Tuesday, March 10, 2009

back to natur...al.

I've been lazy and have gotten away from posts which have anything to do with being "green"! Sadly, in the rush of life, I've forgotten to be earth-conscious much of the time. But whenever we let go of something, it's because we've chosen to invest our time in something else we deem more valuable. My "treasure" has been my son. Since I've had to work in recent months, all my extra energy has gone to striving to love/train him well. And really, part of the work of caring for the earth is raising children who are conscious. So here's my question for the day: How can we raise a "green" generation? I'd love to hear your thoughts or practical ideas!

I love the term I just used--"conscious." If you've seen the movie Wall-E you know about its depiction of the human race (many years in the future) as fat, helpless, blind followers of what they are told. Now that is an extreme picture, but if we allow ourselves to grow lazy, we are heading in that direction. I want to raise Sam to be conscious... of His God and eternal things....of the beauty and the chaos that exists in the world...of the needs and emotions of all those around him. I think it is in this context that he will care about preserving the earth in the right way. I hope he will do his part not only to stop destroying the world, but to help bring it(and its inhabitants) healing and to truly enjoy its beauty. It seems to me that focusing merely on avoiding plastic might keep us breathing longer, but it will not help us feel the wind caressing our faces or smell the sweet summer honeysuckle. And it will certainly not yield the joy of giving food, shelter, medical care, and the gospel of Christ to an orphan. So though I will continue to live in a "green" way, and hope Sam will learn from this example, it is not my focus in educating him. I will teach him by exploring the outdoors, and pausing to study the ants. And when he gets in conflicts with his little friends, I will talk with him about his emotions and then ask him to think about the pain he has caused his friend whom he loves. And throwing food on the floor is a problem, not just because it's gross and wasteful, but because it's ungrateful for generousity of God's provision. (If we don't need/want something we have, we should give it to someone who does. Recycle!) And I'll tell him that though mama would enjoy some new shoes, she won't buy them until her old ones fall apart, so that she can help those that have real needs, not just American ones! ;) And then, (here's the most important part) I actually have to live this way. I need a lot of prayer. :)


Oakie Grandfather said...

Becca: you have the answers, all I can do is reenforce one. If you look at your childhood you can remember things your parents told you, but deeper down is not what they said, but what they did.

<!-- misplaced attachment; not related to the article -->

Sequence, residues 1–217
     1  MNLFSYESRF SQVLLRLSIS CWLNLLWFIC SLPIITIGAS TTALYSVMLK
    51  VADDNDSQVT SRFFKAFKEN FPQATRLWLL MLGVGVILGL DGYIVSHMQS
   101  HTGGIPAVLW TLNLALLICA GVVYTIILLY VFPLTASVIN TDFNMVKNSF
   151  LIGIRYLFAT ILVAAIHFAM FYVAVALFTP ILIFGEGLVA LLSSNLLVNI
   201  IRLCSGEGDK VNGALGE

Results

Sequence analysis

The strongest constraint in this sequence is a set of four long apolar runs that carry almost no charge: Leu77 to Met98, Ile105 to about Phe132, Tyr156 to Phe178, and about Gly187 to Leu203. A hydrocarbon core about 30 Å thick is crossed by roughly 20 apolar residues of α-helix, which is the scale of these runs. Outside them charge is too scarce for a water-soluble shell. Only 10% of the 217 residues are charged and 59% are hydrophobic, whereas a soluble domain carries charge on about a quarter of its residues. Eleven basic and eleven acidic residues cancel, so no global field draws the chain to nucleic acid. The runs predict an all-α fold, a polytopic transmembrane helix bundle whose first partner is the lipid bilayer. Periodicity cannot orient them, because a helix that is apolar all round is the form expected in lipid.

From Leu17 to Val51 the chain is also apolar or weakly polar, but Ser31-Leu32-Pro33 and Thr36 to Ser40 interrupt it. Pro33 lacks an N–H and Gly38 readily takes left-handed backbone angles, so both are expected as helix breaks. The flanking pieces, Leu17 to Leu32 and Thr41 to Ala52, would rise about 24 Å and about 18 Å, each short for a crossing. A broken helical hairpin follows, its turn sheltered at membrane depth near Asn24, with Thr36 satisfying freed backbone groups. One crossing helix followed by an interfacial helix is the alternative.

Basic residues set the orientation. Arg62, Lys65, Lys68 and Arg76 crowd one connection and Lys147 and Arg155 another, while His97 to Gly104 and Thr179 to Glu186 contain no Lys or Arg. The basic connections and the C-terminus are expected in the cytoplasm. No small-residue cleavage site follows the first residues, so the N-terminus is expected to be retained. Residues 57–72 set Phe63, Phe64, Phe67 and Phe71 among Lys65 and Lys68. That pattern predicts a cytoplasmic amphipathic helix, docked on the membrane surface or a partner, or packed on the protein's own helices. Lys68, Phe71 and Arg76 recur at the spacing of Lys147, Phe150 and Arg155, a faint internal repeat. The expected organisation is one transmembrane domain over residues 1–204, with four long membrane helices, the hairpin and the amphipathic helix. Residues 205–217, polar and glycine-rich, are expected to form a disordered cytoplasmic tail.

Rebecca said...

you are so right, grandpa. And it's much easier to say than it is to do. Thanks for your wise words... It's good to hear from someone who has more life experience.

Nick, Annie, Aiden, Sophie and Clip said...

I think it's helpful to teach them that less is more in so many different ways helps us to save our environment from overconsumption and inevitably filling up landfills with plenty of old toys. We try to buy only really good, educational or long lasting toys. The other ones go to the thrift store. Another thing our parents did but we're getting out of the habit of doing is teaching our kids to do dishes. Do dishes instead of buying plastic and paper all the time. Another simple thing is sending the kids outside to play. This is so simple but we've become so overwhelmed with fear in a 24/7 news generation that we're really afraid to let our kids out and enjoy/endure nature.
I'm sure there's tons more, but I love those answers that are close at hand.

Susan a.k.a Lucy said...

Lovely post Becca. One thing that often comes to mind when I am trying to re-home things because while I like the item I find I don't use it as I thought I would or sadly I've gotten TOO FAT for it (-: or what have you, is to remember the simple injunction from the word, that if we have two coats, and another has none, give the person one. This is "re-cycling" a person at a time.

Also we have some odds thing happen like a person coming through her on a move, left a whole box of kitchen cleaners etc, not all of what we use, so it seemed the perfect thing to do to take such to church, or to ask any who stopped at our house, can you USE these things? Several were blessed just by having the small savings of not having to buy something they use. I've also found at the end of yard sales, that if I put a big sign saying FREE on what remains, those who take the stuff, always come across as gleaners of a sort...don't ya just love the concept of gleaning?

I know how you like to be rid of your stuff, but I've had a couple instances of late, where something I just hadn't been able to budge, turned out to be a need someone else had and had I gotten rid of the thing in "my timing" it wouldn't have blessed the person who got it...I'm finding sometimes I do play storage center for God
(-: and his timing. I still have much to learn from you in your prompt and wise dealings with these matters! You go Green Mama.